Data protection key to social inclusion in vaccine campaigns
“None of us are safe until we all are.” So goes UN chief Antonio Guterres’ now well-worn saying about COVID-19. But despite advances in the availability of jabs against the virus, the saying still rings true, with vaccine inequality consistently making headlines worldwide.
In Lebanon, where an estimated 1.5 million Syrian refugees account for approximately 20% of the population, the importance of an inclusive national vaccine campaign cannot be overstated. Yet although the government has adopted a national vaccination plan that covers everyone residing in the country regardless of their nationality or residency status, there are still barriers to refugees’ full inclusion in the vaccine rollout.
With only 20% of Lebanon’s Syrian refugee population possessing the legal right to stay in the country, many refugees fear that their personal data could be leaked after registering for the vaccine, leading to their arrest, detention or deportation. To help address this barrier, Siren supported Central Inspection, one of Lebanon’s primary oversight bodies, to create a digital platform for vaccine registration that guarantees the safety and security of users’ data.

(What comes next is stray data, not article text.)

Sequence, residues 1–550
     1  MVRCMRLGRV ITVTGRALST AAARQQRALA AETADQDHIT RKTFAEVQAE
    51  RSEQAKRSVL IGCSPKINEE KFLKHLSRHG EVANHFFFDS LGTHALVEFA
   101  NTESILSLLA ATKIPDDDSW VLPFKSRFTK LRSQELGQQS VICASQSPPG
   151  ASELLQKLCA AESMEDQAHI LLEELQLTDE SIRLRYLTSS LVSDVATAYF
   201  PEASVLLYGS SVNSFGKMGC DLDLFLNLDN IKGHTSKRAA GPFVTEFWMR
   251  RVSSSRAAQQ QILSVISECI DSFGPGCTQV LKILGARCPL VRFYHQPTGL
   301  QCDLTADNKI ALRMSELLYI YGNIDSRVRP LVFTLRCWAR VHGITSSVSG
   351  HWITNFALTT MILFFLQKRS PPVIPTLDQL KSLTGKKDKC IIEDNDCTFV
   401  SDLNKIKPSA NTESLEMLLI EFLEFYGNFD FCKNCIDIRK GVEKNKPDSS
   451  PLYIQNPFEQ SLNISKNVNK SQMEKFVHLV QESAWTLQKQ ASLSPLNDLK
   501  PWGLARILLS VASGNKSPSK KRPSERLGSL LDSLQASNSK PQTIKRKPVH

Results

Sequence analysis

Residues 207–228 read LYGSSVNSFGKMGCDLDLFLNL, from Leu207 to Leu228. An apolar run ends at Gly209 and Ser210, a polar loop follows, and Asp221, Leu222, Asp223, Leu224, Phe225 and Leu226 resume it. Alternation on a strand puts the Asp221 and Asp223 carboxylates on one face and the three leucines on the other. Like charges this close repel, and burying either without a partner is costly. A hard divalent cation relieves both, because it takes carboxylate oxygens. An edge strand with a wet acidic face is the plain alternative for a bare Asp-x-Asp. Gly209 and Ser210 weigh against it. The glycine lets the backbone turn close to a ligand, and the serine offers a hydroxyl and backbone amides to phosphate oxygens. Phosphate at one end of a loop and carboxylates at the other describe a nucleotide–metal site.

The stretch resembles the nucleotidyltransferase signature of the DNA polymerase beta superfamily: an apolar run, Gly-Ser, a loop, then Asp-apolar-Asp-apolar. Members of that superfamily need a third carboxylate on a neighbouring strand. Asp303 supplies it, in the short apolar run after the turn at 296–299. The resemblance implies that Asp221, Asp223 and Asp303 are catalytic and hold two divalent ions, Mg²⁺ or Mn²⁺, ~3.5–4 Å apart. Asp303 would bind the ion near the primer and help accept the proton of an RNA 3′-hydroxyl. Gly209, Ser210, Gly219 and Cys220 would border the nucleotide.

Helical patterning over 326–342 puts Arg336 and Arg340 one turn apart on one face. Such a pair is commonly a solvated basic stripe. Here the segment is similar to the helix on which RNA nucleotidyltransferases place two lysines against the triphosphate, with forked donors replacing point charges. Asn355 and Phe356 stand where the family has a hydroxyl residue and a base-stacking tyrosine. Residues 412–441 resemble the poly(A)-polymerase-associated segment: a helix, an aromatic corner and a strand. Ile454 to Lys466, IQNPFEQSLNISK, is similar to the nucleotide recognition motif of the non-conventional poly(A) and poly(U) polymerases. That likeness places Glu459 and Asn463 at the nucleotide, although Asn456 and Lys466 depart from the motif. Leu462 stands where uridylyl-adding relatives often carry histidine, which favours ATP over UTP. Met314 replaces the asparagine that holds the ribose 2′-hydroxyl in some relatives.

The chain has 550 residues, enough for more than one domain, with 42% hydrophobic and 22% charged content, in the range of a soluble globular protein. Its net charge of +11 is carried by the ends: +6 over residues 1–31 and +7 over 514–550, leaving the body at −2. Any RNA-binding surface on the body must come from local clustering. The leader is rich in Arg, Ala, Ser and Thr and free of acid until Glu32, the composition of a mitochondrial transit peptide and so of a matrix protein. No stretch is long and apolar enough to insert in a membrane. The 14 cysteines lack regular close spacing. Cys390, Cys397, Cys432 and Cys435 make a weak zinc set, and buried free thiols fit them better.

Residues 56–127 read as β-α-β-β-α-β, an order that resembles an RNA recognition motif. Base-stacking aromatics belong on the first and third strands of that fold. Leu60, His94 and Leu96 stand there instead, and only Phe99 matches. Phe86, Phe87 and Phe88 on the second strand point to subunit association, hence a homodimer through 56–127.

An Open Data website was also built to complement IMPACT, giving the public access to some of the non-sensitive information gathered, providing them with tools and evidence to observe, control and audit the vaccine campaign, as well as many other central and local government activities.
The use of such digital tools to enable a fair and transparent vaccination campaign is an important step to win back some trust in the public administration. But to create a vaccine campaign that advances social inclusion, measures to tackle the other barriers to refugee vaccination must be introduced alongside guarantees of data privacy and security. At the time of writing, only 30,749 Syrian refugees — around 2% of the total estimated Syrian refugee population — had registered for the vaccine.
Refugee vaccination numbers have clearly increased in the past weeks due to the “vaccine marathons” organised by the Health Ministry, which included volunteers to help with registration. Additional communication campaigns around the safety of the vaccine and IMPACT’s data security, and peer-to-peer awareness raising campaigns among the refugee population could help boost this further. To overcome mobility concerns, vaccination centres could also be opened in areas where large numbers of refugees reside, and greater support could be offered to people who do not have the formal documentation or literacy required to register online.